Last week I had a bit of surgery. I was an outpatient and in the days following have been impatient with myself and the healing process. The surgical site was on my back, way south. Sitting has been difficult. So has writing, and typing -- since these activities are best conducted while being vertical. So, this week's post is something that I just shared in the monthly newsletter as well. I'm trying to be efficient.
It has been a rather interesting time to note the many and various ways that we, as a society, tend to dwell on the ridiculous at the expense of the sublime. From the political ramifications of the over-preparedness of northeastern state governors in the face of an “historic blizzard” to the air pressure of footballs, we allow ourselves to gravitate toward the meaningless.
One could lament the retreat from our search for meaning and be disparaged with so many weapons of mass-distraction in our culture. Our faith calls us to not lose hope, but to seek first the Kingdom of God. Each week we rehearse and enact that posture of attentiveness to first things. Lift up your hearts! Let us give thanks to the Lord our God!
Without this regular rehearsal and activity, our spiritual vitality wanes. So, the antidote to such
confusion may well be first: confession. When we pray thy kingdom come, thy will be done, we get to be prepared to participate in the follow-through on the part of our heavenly Father.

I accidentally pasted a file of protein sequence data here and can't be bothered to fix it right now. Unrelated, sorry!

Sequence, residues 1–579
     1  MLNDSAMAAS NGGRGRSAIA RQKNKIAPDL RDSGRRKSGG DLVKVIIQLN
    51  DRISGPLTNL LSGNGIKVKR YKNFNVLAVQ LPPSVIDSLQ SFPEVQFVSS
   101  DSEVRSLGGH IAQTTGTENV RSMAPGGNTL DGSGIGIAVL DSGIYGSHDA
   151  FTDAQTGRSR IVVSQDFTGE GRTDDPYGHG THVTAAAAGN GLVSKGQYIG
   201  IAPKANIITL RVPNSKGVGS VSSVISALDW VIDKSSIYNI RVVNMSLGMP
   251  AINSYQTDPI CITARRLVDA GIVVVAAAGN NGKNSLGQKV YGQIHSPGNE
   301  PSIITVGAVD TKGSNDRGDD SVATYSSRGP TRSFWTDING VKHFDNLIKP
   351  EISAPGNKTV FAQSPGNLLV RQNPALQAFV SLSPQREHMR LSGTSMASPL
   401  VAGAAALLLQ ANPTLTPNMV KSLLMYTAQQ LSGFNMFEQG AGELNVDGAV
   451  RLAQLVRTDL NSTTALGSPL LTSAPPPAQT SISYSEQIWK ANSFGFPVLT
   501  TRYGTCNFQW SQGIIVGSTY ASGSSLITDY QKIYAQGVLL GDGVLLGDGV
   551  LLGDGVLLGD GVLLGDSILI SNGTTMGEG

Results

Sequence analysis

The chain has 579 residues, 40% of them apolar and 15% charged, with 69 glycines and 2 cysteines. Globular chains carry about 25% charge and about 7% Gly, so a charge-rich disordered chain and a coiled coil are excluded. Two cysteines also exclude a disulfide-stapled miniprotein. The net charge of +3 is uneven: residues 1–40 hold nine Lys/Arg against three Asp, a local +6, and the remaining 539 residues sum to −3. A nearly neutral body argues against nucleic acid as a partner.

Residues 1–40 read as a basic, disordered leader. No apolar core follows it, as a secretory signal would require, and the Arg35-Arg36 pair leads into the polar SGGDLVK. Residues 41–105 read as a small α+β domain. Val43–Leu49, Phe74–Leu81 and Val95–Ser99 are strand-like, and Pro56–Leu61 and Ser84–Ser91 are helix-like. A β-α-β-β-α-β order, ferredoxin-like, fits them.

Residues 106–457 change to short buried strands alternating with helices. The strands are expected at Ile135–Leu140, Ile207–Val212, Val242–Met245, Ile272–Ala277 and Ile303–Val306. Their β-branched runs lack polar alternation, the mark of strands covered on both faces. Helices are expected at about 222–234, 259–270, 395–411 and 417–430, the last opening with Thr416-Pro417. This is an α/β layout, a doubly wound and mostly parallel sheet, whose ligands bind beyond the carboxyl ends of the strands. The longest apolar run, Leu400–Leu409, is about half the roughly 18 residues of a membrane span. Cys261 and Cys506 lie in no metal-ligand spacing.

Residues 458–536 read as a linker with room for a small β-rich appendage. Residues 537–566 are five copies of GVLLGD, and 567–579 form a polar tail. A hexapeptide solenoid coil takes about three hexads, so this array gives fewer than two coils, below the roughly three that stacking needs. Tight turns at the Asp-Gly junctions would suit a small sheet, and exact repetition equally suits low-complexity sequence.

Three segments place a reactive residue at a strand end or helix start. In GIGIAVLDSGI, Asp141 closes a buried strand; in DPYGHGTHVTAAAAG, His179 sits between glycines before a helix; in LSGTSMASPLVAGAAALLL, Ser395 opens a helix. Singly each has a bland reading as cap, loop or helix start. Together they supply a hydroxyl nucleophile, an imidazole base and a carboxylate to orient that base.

In just a couple weeks, we will begin the season of Lent. Look forward to it not so much as a burden to bear, but as a gift to receive. The season calls us to enter into the wilderness of our lives and face those things that distract us from our relationship with God and our co-laborers with Christ. We can be empowered to name them and set them aside in acts of prayer and repentance. The discipline of Lent can be a liberating and life-giving practice for individuals and whole communities. I invite us all to embrace this time together courageously and with hope.
The first day of Lent, Ash Wednesday, is February 18th. There will be services a the church at both 11:00 AM and 7:00 PM that day. Come and receive ashes in the shape of the cross as an outward sign of your mortality and as a tactile reminder of your baptismal identity, an identity that death cannot undo. Following the morning service, I’ll be camping out at the Starbucks Coffee Shop at Target offering ashes to any interested inquirer. Let your friends, family, and colleagues know that anyone is welcome. If you want to stop by for coffee and conversation, that is fine as well. I plan to be there until about 3:00
In the meantime, take this opportunity to revisit the information in last week's post (Crucified Love) about the Lenten Retreat to be held on Saturday, March 21st. There will also be a 2015 Lenten Brochure available at the church and online at our website (I hope) in the days ahead. Use these as tools for inviting others to come and see.
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Fourth Sunday after the Epiphany
February 1, 2015
Prayer of the Day
Compassionate God, you gather the whole universe
into your radiant presence
and continually reveal your Son as our Savior.
Bring wholeness to all that is broken
and speak truth to us in our confusion,
that all will see and know your Son,
Jesus Christ, our Savior and Lord.
1 Corinthians 8:1-13